Larry Bird, arguably the best basketball player of all time, was the best player in the world during the mid-1980’s and early ’90’s. He was a two-time MVP and four-time NBA champion, and the Celtics were one of the most dominant teams in NBA history. For the 1980’s, Bird’s best friend was a car, the Ford Taurus that Bird owned.

The 1990s were a fertile time for basketball players who changed the game in the process. One of the players who changed the game was Craig Ehlo, the first player to eclipse the 10,000-point mark in the NBA. Ehlo was a veritable clinic on how to score points, and the players he drew comparisons with were also some of the most prolific scorers in NBA history.

Before Larry Bird could show off his basketball skills in the NBA, he had to prove himself on the hard court. This task was more daunting than it sounds. At the time, the NBA was the most popular sports league in the United States, but most people didn’t even know its name. Bird had the opportunity to play in front of huge crowds that would be filled with people from all walks of life.

Fans of the Boston Celtics have been waiting for a long time. Larry Bird was the sixth overall selection in the 1978 NBA Draft, although he didn’t start playing professionally until 1979. Bird chose to return to school for another year after failing to reach an agreement on a contract. On Oct. 12, 1979, he eventually worked out a contract and played his debut game.

With a rare sellout, the Boston Garden was rocking. The excitement for Bird in Green was palpable. When everything was said and done, the game’s narrative centered on Boston Celtics shooting guard Chris Ford.

In Boston, rookie Larry Bird was the buzz of the town.

The talks between Celtics president Red Auerbach and player agent Bob Woolf to lure Bird to Boston were tense. Following Bird’s selection by Boston in 1978, the two sides were at odds in talks, with Auerbach claiming that the Indiana State star wasn’t a franchise player and shouldn’t be compensated as such.

According to Sports Illustrated, Auerbach told Woolf, “Larry Bird can assist, but he’s not a franchise.” “Geez, you’ve got to maintain your dignity. He can’t play by himself, after all.”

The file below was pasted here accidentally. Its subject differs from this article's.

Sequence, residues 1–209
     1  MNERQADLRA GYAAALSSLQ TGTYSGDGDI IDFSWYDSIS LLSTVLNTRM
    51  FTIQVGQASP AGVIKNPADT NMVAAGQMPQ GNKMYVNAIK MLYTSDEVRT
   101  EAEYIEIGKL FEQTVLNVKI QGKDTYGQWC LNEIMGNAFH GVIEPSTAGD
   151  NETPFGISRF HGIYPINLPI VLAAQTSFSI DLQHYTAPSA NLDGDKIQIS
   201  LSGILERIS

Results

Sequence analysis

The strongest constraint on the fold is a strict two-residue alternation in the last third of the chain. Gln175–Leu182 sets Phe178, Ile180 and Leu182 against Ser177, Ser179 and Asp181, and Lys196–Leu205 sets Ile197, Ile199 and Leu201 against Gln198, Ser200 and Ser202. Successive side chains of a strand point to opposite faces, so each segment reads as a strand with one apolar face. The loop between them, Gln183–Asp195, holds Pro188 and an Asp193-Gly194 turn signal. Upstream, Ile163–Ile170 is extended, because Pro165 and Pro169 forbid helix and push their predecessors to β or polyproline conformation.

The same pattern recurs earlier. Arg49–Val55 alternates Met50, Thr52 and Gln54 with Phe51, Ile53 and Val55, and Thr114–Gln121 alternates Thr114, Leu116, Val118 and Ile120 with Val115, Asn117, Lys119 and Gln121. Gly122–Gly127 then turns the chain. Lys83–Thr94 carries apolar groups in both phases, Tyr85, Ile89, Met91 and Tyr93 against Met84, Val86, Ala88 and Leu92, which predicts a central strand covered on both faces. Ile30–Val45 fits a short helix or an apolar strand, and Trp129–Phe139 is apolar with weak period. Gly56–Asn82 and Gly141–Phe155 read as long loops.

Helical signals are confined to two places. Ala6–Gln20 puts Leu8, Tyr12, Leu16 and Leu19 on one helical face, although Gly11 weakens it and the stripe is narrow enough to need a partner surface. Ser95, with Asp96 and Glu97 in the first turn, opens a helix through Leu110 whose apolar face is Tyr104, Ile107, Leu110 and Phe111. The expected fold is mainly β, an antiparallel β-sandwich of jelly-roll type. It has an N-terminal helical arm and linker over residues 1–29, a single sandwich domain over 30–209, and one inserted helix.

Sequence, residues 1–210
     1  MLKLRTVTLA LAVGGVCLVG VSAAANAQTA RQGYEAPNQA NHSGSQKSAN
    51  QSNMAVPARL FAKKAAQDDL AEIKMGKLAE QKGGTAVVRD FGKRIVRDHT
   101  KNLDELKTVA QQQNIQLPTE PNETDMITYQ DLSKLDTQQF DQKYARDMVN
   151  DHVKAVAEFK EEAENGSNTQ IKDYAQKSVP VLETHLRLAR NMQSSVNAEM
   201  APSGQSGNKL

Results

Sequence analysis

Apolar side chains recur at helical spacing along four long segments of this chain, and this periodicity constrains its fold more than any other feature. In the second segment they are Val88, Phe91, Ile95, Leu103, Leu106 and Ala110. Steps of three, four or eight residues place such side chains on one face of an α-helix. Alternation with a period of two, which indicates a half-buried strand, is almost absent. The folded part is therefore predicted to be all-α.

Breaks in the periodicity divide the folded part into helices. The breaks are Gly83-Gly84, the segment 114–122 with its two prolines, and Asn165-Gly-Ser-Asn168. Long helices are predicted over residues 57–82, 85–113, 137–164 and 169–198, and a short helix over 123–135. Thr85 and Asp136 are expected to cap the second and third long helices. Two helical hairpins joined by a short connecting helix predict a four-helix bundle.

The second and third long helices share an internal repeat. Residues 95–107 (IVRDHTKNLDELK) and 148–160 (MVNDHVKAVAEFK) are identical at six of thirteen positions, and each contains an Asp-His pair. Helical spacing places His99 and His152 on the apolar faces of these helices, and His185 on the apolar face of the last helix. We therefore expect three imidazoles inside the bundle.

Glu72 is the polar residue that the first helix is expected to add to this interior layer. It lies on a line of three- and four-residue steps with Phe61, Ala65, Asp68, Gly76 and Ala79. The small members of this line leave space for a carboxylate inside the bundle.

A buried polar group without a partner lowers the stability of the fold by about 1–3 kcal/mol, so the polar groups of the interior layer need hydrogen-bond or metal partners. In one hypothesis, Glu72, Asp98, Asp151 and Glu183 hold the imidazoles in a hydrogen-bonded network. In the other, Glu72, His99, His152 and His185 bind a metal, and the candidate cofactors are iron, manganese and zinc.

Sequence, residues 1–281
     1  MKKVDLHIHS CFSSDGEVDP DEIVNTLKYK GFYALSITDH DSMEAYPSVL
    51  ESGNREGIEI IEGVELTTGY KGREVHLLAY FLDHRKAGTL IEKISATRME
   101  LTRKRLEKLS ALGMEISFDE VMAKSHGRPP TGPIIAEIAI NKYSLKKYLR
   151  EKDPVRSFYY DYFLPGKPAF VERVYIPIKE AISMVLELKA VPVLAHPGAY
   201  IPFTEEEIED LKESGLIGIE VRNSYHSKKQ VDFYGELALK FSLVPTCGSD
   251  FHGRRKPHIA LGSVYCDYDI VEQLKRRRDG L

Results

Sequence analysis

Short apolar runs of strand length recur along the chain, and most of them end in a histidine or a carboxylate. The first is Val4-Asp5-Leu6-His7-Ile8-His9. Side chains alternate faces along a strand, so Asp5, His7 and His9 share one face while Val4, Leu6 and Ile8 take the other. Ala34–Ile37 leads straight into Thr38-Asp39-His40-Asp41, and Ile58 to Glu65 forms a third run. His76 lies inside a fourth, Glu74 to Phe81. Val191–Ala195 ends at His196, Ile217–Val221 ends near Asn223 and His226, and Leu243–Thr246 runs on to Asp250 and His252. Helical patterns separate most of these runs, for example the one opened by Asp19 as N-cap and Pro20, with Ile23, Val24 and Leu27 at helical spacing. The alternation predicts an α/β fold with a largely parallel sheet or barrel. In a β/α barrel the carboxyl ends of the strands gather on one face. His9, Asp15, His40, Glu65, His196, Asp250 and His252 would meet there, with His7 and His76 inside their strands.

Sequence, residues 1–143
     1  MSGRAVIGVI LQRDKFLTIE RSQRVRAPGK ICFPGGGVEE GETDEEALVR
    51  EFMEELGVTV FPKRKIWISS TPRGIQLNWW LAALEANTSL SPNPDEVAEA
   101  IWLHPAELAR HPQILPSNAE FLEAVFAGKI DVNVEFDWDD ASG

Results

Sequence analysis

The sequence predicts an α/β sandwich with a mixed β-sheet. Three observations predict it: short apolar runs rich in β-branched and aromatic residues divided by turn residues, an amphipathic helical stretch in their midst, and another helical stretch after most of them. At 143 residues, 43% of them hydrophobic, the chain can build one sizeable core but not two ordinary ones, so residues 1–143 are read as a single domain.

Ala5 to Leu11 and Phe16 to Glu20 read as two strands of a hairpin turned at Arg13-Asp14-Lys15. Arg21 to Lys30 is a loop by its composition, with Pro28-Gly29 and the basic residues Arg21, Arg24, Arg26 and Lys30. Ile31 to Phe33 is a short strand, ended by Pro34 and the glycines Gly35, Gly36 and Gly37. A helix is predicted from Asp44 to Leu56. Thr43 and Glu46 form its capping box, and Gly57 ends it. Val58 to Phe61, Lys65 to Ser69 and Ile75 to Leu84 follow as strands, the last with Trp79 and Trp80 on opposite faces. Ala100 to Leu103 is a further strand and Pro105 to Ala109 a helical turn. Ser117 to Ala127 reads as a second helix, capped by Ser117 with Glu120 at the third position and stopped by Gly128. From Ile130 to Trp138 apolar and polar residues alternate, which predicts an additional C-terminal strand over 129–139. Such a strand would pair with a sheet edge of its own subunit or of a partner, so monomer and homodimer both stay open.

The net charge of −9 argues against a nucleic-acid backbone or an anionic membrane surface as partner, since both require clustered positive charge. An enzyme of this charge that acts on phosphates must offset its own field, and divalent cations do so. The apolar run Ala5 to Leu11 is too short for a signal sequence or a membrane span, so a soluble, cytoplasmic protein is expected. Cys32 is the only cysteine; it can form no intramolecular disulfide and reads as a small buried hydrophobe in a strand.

It came down to the month of the draft, June 1979. Bird would re-enter the draft if no agreement could be reached. Bird signed a five-year contract for $650,000 each season with the two parties finally coming to an agreement.

Around Boston, there was a lot of excitement. The Bird Watch was on after ticket sales increased by 25%. Finally, there was reason to be optimistic about the Celtics’ basketball team.

On Oct. 12, 1979, Larry Bird made his NBA debut, but Chris Ford created history in the game.

Larry-Bird-Chris-Ford-Celtics-1-1024x747

Larry-Bird-Chris-Ford-Celtics-1-1024x747 On October 4, 1987, Chris Ford and Larry Bird watch a practice game at the Celtics rookie camp at Hellenic College in Brookline. | Getty Images/John Blanding/The Boston Globe

On Oct. 12, 1979, Bird made his NBA debut in front of a full crowd of 15,320 at the Boston Garden. The Celtics welcomed Moses Malone and the Houston Rockets to TD Garden, hoping to improve on their 29-53 record from the previous season.

Bird didn’t disappoint, but he wasn’t very impressive. In a 114-106 win, he had 14 points and 10 rebounds. He went 6-for-12 from the field and converted both of his free throws in 28 minutes.

While all eyes were on the youngster, shooting guard Chris Ford received a lot of postgame attention. Ford scored 17 points in 27 minutes of action. He shot 7-15 from the field and 2-for-2 from the free throw line. When Ford hit on the first 3-pointer in NBA history, he created NBA history with one of his field goals.

Ford’s long-range shot was the Celtics’ lone one in the game. They tried three times in all, with Bird and Dave Cowens both missing. The Rockets were a bit more aggressive with their 3-point attempts, but they only made one. Houston’s was accounted for by Rick Barry, who went 1-for-10 from long range.

Chris Ford went on to lead the Boston Celtics as their head coach.

During the 1979-80 NBA season, Ford made 70 3-pointers. He went 70-for-164 from long range, shooting 43 percent. After that, he played two more seasons and ended his career with a 126-for-336 shooting percentage from beyond the arc.

Ford was an assistant coach with the Celtics from 1983 to 1990 after his playing career ended. For the 1990-91 season, he took over as head coach. He guided the Celtics to 50-plus win seasons and first-place finishes in the Atlantic Division in his first two seasons.

Ford coached the Celtics for five seasons, compiling a 222-188 record. He also led the Milwaukee Bucks, Los Angeles Clippers, and Philadelphia 76ers as head coach. His coaching record is 323-376 throughout his career.

Basketball Reference provided all stats.

RELATED: During the National Anthem, Larry Bird Always Focused on One Banner in the Rafters, and It Wasn’t a Boston Celtics Banner

During his first game playing in his hometown of Boston, Larry Bird became the most famous player ever to wear a Celtics uniform. Unfortunately, it wasn’t for the right reasons. In his first season Bird took the Celtics to the NBA Finals, but fell short against Magic Johnson’s Los Angeles Lakers. That season Bird averaged 32.6 points per game while shooting nearly 53% from the field, which was the highest average ever for a player in their first season.. Read more about how tall was larry bird and let us know what you think.

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